John McLaughlin (born January 4, 1942), also Mahavishnu John McLaughlin (not to be confused with pop/rock artist Jon McLaughlin), is a jazz fusion guitarist from Doncaster, Yorkshire in England. He came to prominence with Miles Davis' electric jazz-fusion groups from the late 1960s. He is regarded by many as one of the most influential and technically gifted guitarists of all time, having mastered a remarkable range of styles and genres, including jazz, Indian classical music, and fusion. He has also incorporated aspects of Flamenco music in some of his acoustic periods.
Before moving to the U.S., McLaughlin recorded Extrapolation (with Tony Oxley and John Surman) in 1969, in which McLaughlin showed technical virtuosity, inventiveness, and the ability to play in odd meters. He moved to the U.S. in 1969 to join Tony Williams's group Lifetime. He subsequently played with Miles Davis on his landmark albums In A Silent Way, Bitches Brew (which has a track named after him), On The Corner, Big Fun (where he is featured soloist on Go Ahead John) and A Tribute to Jack Johnson — Davis paid tribute to him in the liner notes to Jack Johnson, calling McLaughlin's playing "far in". McLaughlin returned to the Davis band for one recorded night of a week-long club date, which was released as part of the album Live-Evil and as part of the Cellar Door boxed set.
His reputation as a "first-call" session player grew, resulting in recordings as a sideman with Miroslav Vitous, Larry Coryell, Wayne Shorter, Carla Bley, The Rolling Stones and others.
He recorded Devotion in early 1970 on Douglas Records (run by Alan Douglas), a high-energy, psychedelic, fusion album that featured Larry Young on organ (who had been part of Lifetime), Billy Rich on bass and the R&B drummer Buddy Miles (who had played with Jimi Hendrix). Devotion was the first of two albums he released on Douglas.
On the second Douglas album, however, McLaughlin went in a different direction in 1971 when he released My Goal's Beyond in the U.S., an amazing collection of unamplified acoustic works, including extended performances on side A of "Peace One" and "Peace Two," offering a fusion blend of jazz and Indian classical forms. Side B features some of the most melodic acoustic playing McLaughlin ever recorded, including such standards as "Goodbye Pork-Pie Hat," by Charles Mingus whom McLaughlin considered an important influence on his own development. Other tracks that expressed some of McLaughlin's other influences include "Something Spiritual" (Dave Herman), "Hearts and Flowers" (P.D. Bob Cornford), "Phillip Lane," "Waltz for Bill Evans" (Chick Corea), "Follow Your Heart," "Song for My Mother" and "Blue in Green" (Miles Davis). "Follow Your Heart" had been released earlier on Extrapolation under the title "Arjen's Bag".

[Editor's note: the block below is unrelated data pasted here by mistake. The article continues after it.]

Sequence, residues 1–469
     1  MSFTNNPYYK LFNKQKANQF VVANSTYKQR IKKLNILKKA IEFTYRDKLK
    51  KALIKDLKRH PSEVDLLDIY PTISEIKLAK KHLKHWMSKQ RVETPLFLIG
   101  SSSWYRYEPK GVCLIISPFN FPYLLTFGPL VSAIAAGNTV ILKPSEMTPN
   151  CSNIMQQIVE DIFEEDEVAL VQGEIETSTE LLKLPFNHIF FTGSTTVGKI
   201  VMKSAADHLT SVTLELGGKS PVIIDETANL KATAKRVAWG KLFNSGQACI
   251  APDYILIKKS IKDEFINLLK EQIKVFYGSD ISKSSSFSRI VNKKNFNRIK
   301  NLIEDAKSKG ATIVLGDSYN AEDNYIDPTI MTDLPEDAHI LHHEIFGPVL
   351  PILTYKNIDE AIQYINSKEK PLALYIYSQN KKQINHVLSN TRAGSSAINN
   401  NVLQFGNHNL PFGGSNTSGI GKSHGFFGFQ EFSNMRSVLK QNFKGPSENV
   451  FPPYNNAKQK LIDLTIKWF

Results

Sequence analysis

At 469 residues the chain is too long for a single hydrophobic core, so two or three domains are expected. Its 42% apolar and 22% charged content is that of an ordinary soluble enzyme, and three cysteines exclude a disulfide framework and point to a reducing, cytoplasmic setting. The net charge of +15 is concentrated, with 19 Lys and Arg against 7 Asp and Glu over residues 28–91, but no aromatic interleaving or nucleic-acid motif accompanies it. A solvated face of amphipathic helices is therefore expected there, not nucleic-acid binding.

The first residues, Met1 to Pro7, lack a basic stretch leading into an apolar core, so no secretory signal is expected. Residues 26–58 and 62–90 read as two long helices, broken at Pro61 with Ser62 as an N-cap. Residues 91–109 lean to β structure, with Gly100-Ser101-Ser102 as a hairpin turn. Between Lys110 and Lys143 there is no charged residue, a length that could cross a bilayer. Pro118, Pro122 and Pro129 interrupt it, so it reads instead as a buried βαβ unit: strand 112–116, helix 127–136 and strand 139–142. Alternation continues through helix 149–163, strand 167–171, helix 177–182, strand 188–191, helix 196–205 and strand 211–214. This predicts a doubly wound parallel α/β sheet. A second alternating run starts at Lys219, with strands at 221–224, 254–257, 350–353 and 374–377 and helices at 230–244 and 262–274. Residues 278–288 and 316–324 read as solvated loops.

My Goal's Beyond was inspired by McLaughlin's decision to follow the Indian spiritual leader Sri Chinmoy, to whom he had been introduced in 1970 by Larry Coryell's manager. The album was dedicated to Chinmoy, with one of the guru's poems printed on the liner notes. It was on this album that McLaughlin took the name "Mahavishnu."
McLaughlin's 1970s electric band, The Mahavishnu Orchestra included violinist Jerry Goodman (later Jean-Luc Ponty), keyboardist Jan Hammer (later Gayle Moran and Stu Goldberg), bassist Rick Laird (later Ralphe Armstrong), and drummer Billy Cobham (later Narada Michael Walden). The band performed a technically virtuosic and complex style of music that fused eclectic jazz and rock with eastern and Indian influences. This band established fusion as a new and growing style within the jazz and rock worlds. McLaughlin's playing at this time was distinguished by fast solos and exotic musical scales.
In 1973, McLaughlin collaborated with Carlos Santana, also a disciple of Sri Chinmoy, on an album of devotional songs, Love Devotion Surrender, which included recordings of Coltrane compositions including A Love Supreme. He has also worked with the jazz composers Carla Bley and Gil Evans.
The Mahavishnu Orchestra's personality clashes were as explosive as their performances and consequently the first incarnation of the group split in late 1973 after just two years and three albums, one of which was a live recording "Between Nothingness and Eternity". In 2001 the "Lost Trident Sessions" album was released, recorded in 1973 but shelved when the group disbanded. Mclaughlin then reformed the group with Narada Michael Walden (drums), Jean Luc Ponty (violin), Ralphe Armstrong (bass) and Gayle Moran (keys and vocals). The incarnation of the group recorded a further two albums, after which time Mclaughlin was almost completely absorbed in his acoustic playing with his Indian classical music based group Shakti (see below). A third album was recorded in 1976 largely due to contractual obligations. Around this time, McLaughlin also appeared on Stanley Clarke's School Days album, among a host of other musicians.